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Mixed Magnetism for Refrigeration and Energy Conversion

Authors

  • Nguyen H. Dung,

    1. Fundamental Aspects of Materials and Energy, Faculty of Applied Sciences, Delft University of Technology Mekelweg 15, 2629 JB Delft, The Netherlands
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  • Zhi Qiang Ou,

    1. Fundamental Aspects of Materials and Energy, Faculty of Applied Sciences, Delft University of Technology Mekelweg 15, 2629 JB Delft, The Netherlands
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  • Luana Caron,

    1. Fundamental Aspects of Materials and Energy, Faculty of Applied Sciences, Delft University of Technology Mekelweg 15, 2629 JB Delft, The Netherlands
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  • Lian Zhang,

    1. Fundamental Aspects of Materials and Energy, Faculty of Applied Sciences, Delft University of Technology Mekelweg 15, 2629 JB Delft, The Netherlands
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  • Dinh T. Cam Thanh,

    1. Fundamental Aspects of Materials and Energy, Faculty of Applied Sciences, Delft University of Technology Mekelweg 15, 2629 JB Delft, The Netherlands
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  • Gilles A. de Wijs,

    1. Electronic Structure of Materials, Faculty of Science, Radboud University, 6525 AJ Nijmegen, The Netherlands
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  • Rob A. de Groot,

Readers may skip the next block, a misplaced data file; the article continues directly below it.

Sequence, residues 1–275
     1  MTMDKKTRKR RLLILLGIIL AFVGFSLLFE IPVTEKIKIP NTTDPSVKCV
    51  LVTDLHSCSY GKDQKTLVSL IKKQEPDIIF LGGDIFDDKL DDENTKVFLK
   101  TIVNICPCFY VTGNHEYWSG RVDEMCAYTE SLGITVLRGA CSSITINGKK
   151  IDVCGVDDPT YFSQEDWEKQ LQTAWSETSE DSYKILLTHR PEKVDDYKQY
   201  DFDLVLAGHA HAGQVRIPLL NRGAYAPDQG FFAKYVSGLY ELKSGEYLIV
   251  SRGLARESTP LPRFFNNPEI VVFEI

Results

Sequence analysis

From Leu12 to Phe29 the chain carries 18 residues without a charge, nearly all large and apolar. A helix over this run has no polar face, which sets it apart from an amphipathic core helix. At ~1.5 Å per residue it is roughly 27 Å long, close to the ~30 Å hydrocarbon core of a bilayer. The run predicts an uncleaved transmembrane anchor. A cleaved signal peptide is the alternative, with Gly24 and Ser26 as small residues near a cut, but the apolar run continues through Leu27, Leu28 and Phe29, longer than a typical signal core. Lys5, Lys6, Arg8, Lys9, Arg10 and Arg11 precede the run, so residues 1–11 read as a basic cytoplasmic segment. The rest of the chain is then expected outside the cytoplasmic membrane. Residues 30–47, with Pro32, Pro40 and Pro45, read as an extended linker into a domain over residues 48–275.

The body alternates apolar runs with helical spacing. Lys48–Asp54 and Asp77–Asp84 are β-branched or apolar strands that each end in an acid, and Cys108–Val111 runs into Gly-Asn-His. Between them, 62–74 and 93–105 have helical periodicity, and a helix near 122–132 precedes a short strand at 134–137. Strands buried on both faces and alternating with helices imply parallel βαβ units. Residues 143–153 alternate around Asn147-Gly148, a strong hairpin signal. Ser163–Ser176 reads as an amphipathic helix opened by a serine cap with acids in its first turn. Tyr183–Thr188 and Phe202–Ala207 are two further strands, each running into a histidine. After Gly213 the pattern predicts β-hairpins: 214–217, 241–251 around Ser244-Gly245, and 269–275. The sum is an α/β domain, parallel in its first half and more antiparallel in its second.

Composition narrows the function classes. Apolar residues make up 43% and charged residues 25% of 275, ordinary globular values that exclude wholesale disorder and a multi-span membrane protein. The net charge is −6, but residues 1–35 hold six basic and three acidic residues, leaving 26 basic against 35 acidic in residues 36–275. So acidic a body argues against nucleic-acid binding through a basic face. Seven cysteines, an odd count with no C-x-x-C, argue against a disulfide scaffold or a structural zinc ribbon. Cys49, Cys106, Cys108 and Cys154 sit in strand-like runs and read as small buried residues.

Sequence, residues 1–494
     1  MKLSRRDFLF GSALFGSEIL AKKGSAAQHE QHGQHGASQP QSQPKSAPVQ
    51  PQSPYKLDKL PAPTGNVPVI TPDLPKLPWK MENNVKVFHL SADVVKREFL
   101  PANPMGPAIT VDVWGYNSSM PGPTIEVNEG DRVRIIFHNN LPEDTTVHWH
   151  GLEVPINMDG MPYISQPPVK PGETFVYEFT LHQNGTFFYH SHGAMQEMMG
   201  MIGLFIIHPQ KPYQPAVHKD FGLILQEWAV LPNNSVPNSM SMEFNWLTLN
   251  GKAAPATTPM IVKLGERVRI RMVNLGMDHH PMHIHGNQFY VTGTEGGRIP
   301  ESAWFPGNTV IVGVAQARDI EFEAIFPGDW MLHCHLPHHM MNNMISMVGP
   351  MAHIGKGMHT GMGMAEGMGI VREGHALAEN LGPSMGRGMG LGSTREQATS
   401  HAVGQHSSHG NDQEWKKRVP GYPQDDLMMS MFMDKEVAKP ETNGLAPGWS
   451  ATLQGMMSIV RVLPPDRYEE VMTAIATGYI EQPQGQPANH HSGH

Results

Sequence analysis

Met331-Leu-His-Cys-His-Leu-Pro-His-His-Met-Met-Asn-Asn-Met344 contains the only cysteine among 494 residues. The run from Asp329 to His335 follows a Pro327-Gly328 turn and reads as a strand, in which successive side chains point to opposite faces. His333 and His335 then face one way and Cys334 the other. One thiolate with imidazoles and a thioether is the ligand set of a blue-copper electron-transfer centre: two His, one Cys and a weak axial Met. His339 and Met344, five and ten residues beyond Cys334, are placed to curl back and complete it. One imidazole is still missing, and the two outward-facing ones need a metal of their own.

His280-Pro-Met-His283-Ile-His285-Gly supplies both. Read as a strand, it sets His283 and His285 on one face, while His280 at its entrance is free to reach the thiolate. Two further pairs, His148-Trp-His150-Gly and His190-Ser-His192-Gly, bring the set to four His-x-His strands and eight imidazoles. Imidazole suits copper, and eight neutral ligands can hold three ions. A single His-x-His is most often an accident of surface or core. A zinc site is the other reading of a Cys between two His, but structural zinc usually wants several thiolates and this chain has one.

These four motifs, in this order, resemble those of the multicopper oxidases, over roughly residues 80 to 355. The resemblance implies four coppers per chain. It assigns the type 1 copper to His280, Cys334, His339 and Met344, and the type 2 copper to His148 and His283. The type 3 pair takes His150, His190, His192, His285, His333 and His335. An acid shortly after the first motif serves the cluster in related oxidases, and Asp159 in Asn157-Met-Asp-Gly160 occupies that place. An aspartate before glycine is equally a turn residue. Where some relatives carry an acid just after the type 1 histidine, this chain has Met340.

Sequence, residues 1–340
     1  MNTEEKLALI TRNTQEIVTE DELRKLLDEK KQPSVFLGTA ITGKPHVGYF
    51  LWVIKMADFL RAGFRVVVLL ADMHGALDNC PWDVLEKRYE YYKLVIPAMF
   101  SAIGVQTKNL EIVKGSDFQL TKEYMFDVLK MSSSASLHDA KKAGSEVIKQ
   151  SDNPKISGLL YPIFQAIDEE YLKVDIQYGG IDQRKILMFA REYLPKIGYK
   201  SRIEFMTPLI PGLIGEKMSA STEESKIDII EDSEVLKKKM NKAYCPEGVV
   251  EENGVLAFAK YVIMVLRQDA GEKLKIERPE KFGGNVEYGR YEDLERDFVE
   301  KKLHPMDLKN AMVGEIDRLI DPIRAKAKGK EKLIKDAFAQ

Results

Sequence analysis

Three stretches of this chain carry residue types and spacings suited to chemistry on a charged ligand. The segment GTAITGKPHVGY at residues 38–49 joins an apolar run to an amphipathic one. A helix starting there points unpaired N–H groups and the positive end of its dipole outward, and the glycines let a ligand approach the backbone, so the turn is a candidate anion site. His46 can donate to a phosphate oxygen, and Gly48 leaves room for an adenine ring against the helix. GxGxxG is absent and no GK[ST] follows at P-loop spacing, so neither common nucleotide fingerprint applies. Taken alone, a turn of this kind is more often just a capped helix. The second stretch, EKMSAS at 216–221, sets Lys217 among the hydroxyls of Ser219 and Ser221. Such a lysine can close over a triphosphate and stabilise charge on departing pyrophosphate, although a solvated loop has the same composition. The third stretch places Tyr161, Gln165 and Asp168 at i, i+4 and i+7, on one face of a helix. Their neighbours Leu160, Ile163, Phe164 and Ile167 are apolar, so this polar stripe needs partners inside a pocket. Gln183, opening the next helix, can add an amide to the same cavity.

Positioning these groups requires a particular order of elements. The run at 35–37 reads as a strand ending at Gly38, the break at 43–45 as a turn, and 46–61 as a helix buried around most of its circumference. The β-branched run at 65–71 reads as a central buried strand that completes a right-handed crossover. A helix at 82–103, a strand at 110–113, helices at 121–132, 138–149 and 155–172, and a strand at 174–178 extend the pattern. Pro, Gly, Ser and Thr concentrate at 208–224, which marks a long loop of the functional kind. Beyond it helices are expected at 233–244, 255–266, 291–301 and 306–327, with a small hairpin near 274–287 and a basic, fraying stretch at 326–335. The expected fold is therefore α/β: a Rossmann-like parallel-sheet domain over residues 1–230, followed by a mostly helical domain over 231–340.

1. Electronic Structure of Materials, Faculty of Science, Radboud University, 6525 AJ Nijmegen, The Netherlands
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  • K. H. Jürgen Buschow,

    1. Fundamental Aspects of Materials and Energy, Faculty of Applied Sciences, Delft University of Technology Mekelweg 15, 2629 JB Delft, The Netherlands
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  • Ekkes Brück

    Corresponding author
    1. Fundamental Aspects of Materials and Energy, Faculty of Applied Sciences, Delft University of Technology Mekelweg 15, 2629 JB Delft, The Netherlands
    • Fundamental Aspects of Materials and Energy, Faculty of Applied Sciences, Delft University of Technology Mekelweg 15, 2629 JB Delft, The Netherlands.
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Abstract

The efficient coupling between lattice degrees of freedom and spin degrees of freedom in magnetic materials can be used for refrigeration and energy conversion. This coupling is enhanced in materials exhibiting the giant magnetocaloric effect. First principle electronic structure calculations on hexagonal MnFe(P, Si) reveal a new form of magnetism: the coexistence of strong and weak magnetism in alternate atomic layers. The weak magnetism of Fe layers (disappearance of local magnetic moments at the Curie temperature) is responsible for a strong coupling with the crystal lattice while the strong magnetism in adjacent Mn-layers ensures Curie temperatures high enough to enable operation at and above room temperature. Varying the composition on these magnetic sublattices gives a handle to tune the working temperature and to achieve a strong reduction of the undesired thermal hysteresis. In this way we design novel materials based on abundantly available elements with properties matched to the requirements of an efficient refrigeration or energy-conversion cycle.

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